From the Pastor's Desk
QUESTION OF THE WEEK:How does my attachment to my possessions keep me from entering the kingdom of God? How might God assist me in making it possible?
Today’s readings remind us that we do not possess anything in our life that we refuse to surrender to the Lord. In reality these things often possess us, and we become the prisoners of our possessions. What we have really done is to give our "things” top priority in our lives. Thus, we violate the First Great Commandment, which demands that we give absolute and unconditional priority to God.
The first reading advises us to use the God-given virtue of prudence and to seek true wisdom in preference to vanishing realities like riches or political and social influence. Solomon chose Wisdom before everything else. But when he accepted Wisdom, he received everything else along with her. Since Jesus is Wisdom Incarnate, when we put following Jesus ahead of everything else we receive everything else along with Jesus.
The second reading warns us that we are accountable before God as to how we use our blessings and that the “living and effective word of God” must be our guide in evaluating the use of our blessings.
In today’s Gospel selection (Mark 10: 17-30), we find three sections: a narrative about Jesus’ encounter with a rich man, Jesus’ sayings about wealth as a possible obstacle to following him and Jesus’ promise of reward for those who share their material possessions with the needy. Jesus reminded the rich man of the commandments that deal with relationships with other people and challenged him to sell what he had and to give the money to the poor. Jesus shocked his disciples with this challenge to the Jewish belief that material wealth and prosperity were signs of God’s blessings. Instead, he declared that true religion consisted in one’s sharing his blessings with others rather than hoarding them and getting inordinately attached to them.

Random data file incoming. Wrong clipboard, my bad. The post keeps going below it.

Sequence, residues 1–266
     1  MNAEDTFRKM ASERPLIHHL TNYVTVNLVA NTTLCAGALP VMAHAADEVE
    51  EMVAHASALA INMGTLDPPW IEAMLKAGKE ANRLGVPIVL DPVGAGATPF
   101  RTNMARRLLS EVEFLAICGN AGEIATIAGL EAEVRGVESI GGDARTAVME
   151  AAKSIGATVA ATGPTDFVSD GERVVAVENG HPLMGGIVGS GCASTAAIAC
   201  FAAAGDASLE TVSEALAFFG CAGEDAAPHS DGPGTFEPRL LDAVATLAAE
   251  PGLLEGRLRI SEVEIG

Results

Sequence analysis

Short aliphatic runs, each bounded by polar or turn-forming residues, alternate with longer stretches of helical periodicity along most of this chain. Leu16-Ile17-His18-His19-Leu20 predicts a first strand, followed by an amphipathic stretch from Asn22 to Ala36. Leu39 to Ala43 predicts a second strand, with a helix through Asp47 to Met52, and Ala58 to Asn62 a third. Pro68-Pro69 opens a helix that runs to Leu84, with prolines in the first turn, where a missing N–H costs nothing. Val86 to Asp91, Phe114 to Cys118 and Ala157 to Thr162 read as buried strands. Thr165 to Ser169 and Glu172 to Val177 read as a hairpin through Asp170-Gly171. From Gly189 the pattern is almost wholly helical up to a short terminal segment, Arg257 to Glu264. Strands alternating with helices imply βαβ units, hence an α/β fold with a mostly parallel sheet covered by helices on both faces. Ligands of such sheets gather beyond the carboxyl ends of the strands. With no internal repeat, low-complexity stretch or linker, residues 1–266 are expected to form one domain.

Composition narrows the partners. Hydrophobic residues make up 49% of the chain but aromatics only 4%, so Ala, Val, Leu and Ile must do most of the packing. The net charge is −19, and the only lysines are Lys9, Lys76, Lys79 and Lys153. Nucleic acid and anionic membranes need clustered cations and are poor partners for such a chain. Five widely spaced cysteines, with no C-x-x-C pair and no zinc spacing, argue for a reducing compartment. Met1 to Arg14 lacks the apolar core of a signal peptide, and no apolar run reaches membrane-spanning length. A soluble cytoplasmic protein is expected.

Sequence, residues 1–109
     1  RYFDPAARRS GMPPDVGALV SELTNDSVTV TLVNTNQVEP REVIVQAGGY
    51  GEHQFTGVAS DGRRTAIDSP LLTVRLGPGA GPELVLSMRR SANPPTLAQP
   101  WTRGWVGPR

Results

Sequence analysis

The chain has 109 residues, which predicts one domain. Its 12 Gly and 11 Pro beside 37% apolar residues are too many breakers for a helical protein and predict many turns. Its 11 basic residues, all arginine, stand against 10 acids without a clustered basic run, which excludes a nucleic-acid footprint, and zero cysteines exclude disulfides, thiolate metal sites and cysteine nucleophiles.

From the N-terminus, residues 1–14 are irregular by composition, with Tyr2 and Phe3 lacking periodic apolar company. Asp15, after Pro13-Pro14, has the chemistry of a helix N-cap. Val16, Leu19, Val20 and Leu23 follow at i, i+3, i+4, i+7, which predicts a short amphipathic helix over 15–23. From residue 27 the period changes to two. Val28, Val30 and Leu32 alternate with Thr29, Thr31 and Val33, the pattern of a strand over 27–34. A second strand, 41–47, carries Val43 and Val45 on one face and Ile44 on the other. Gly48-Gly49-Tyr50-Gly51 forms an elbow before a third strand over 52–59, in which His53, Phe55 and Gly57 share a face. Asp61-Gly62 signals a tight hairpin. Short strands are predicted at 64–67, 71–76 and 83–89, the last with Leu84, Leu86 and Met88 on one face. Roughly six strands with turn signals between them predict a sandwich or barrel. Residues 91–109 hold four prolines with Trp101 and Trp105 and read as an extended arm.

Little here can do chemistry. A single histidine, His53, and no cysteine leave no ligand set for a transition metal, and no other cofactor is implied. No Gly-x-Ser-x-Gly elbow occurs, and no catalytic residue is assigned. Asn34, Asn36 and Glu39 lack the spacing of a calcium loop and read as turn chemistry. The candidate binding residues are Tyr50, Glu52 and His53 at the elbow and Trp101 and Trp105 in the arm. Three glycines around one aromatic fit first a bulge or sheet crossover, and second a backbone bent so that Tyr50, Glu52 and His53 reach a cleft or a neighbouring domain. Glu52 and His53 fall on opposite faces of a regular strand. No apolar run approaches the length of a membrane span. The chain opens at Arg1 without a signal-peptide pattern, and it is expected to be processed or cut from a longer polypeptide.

Life messages: 1) We need to accept the invitation to generous sharing. Jesus was so generous that he gave us his very self. Hence, there should be a desire to give in the heart of every Christian. God does not ask us to give up our riches, but he does ask us to use them wisely in His service. We must manage our possessions wisely, so that they do not gain control over our hearts. God gives us time, talents and riches that we may use them in the service of others.
2) “You are lacking one thing." We all have something in our lives that serves as a major obstacle to happiness and peace. It may be anger, holding grudges, alcohol, drugs, lust, apathy, lies, unfaithfulness, theft, or fraud. Let us invite God into our lives and into our efforts to face and remove that one obstacle to holiness. L/15
Part of the beauty of stewardship spirituality is its simplicity and practicality. It can be summed up in the brief phrase, “All I have is a gift from God and I must make a grateful return to Him for all He has given me.” In making this return, we consider three areas that cover that We are called to be so much more than rule-followers; we are called to be Christ followers. A stewardship way of life asks us to look at three simple, practical areas — Time, Talent, and Treasure. But it asks us to commit to them from the depths of our being. Only then can we truly be free to follow Christ. Only then do we obtain the countless riches of God’s wisdom and a path to eternal life. i.e primary aspects of daily life — Time, Talent, and Treasure.